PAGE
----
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Finding Contentment

How are you today? It’s an everyday question we hear anywhere we go. The autopilot response is, “Fine, thank you.” Fine stands for “feelings inside not expressed.”

What would it take for us to respond: “Content, thank you very much”? Content is not a word we use very often, is it? It almost feels like contentment is a lofty goal that requires an tangible accomplishment of some sort rather than a possible state of being in the moment.

Might you know when you’re feeling content? 

If not, you’re not alone. However, feeling content is something we all strive for. It’s fickle. It takes just one area of our lives to be off-kilter for contentment to go out the window. Maybe that dream job or relationship isn’t as fulfilling as you imagined or hoped it would be.

Some say learning to be content is very difficult. It is certainly a personal journey that we all must travel and nobody’s journey looks the same. I prefer to think that achieving contentment takes less work than we think, however it does require a consistent effort and awareness if we intend to transition out of our comfortable patterns that keep us stuck in discontent… and a lot of self-care and compassion for oneself.

The dictionary describes it as being in “a state of peaceful happiness.”

What does it take to feel content?

The truth is that it doesn’t take much to feel content. It’s good for us too. Contentment is linked to an improved immune system, physical health and living longer. And when you feel good, so do the people around you.

Healthy Routines

Anyone who feels content also feels settled. A healthy routine of daily exercise, spending time with friends, eating well and getting enough sleep contributes to contentment.

Purpose and Motivation

Ambition gives us purpose and motivated people are often more content because their lives are filled with challenges and like-minded people. They aren’t afraid to put themselves in challenging situations because they always believe in their abilities and talents. As a result, they experience less frustration.

Realistic Approach

While dreams and ambitions are important, most people who are content are also realistic. They don’t channel all their energies into one area of life or put all their hopes into one outcome. Instead, they take a more relaxed approach to life in general and accept life on life’s terms.

In Good Company

People who are in their stride are less likely to be moody and rarely swing between euphoria and depression. Surround yourself with happy people, and you can’t help but have a sunny outlook on life. The happiness bug is contagious.


Contented people appreciate the value of small things in life and are less likely to envy others. There will always be someone who appears to be better off than you. It’s human nature to compare the worst of what we know about ourselves to the best assumptions we make about others. Their life is never as perfect as we make it out to be. Instead, dwell on love, laughter and building good relationships rather than on superficial stuff.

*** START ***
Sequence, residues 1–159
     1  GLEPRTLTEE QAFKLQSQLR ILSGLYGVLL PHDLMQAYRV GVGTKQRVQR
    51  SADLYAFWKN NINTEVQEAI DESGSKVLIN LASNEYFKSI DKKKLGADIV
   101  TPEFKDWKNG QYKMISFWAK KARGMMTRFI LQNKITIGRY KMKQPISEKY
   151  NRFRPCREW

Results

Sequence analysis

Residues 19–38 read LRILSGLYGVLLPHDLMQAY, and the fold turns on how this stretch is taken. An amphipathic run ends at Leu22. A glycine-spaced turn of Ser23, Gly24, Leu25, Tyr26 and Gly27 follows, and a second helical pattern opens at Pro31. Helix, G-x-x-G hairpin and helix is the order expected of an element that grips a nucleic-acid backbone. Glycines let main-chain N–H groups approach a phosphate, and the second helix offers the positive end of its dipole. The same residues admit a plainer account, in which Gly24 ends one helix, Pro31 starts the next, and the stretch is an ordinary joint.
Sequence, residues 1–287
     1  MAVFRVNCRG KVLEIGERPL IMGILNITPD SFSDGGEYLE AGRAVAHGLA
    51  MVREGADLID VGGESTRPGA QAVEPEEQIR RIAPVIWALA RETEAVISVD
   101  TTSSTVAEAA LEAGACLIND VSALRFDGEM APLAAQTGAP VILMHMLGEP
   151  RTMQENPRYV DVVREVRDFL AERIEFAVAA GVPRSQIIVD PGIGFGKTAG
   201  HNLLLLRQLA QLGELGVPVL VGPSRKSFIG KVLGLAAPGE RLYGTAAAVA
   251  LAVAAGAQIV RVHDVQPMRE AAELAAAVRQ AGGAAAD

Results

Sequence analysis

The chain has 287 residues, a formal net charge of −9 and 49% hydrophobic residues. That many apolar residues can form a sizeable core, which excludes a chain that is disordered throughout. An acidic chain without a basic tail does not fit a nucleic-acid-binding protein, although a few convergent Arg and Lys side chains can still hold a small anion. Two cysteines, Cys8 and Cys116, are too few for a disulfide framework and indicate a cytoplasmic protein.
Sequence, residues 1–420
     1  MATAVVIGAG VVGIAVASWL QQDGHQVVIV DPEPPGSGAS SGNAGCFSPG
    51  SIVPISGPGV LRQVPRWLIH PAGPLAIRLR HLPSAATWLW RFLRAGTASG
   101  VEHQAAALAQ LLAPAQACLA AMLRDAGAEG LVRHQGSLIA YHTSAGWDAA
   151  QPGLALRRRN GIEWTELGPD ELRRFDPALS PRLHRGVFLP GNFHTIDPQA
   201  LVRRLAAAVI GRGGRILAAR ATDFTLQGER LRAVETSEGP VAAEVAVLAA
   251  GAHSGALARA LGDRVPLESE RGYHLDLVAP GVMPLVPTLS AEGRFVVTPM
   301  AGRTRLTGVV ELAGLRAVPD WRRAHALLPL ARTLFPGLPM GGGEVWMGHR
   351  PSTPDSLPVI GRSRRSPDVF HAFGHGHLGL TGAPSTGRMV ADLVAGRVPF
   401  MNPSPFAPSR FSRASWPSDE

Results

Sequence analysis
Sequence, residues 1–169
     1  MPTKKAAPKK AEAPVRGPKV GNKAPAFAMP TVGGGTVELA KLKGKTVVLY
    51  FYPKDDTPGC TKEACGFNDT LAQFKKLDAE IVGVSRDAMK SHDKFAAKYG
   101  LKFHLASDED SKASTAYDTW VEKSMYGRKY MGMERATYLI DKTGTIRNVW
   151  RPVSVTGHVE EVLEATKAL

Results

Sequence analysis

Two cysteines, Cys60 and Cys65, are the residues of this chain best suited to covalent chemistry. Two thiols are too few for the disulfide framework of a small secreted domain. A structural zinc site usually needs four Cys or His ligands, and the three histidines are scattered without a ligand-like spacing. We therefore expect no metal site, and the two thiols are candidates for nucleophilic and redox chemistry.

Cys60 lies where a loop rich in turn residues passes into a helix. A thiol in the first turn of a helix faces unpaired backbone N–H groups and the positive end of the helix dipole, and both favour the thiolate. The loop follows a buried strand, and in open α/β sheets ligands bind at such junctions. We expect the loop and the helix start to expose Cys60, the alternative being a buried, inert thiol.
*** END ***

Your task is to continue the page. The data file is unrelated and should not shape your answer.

Gratitude and contentment go hand-in-hand. Focus on the good things in life rather than on what you lack. Let go of the “when and then thinking.” Your contentment is based solely on your decision to be happy.


Contented people are notorious for giving back. When you help others by sharing your talents, time and money, you’ll have a finer appreciation for what you own, who you are and what you have to offer. One simple way to practise generosity is to overtip at restaurants, in spite of the service you receive. Try it and see what happens.

Break the buying habit. Material possessions never truly satisfy any heart’s desires. Ask instead why the lack of a particular item is causing you such discontent.

Be Present

Practise living in the “here and now” at least 20 minutes a day. If you allow your mind to venture too far, chances are life is passing you by.

Contented people fall into bed exhausted, but happy, and wake up bright-eyed and bushy-tailed. That’s how you know you’ve got a balanced life.

In Summary

Be content with what you have, never with what you are. Take pride in your personhood and any progress you make. Learn to celebrate your achievements—even the small ones. Never stop learning, growing or discovering. As soon as you stop growing, you start dying.

The Journey Within: Finding Contentment
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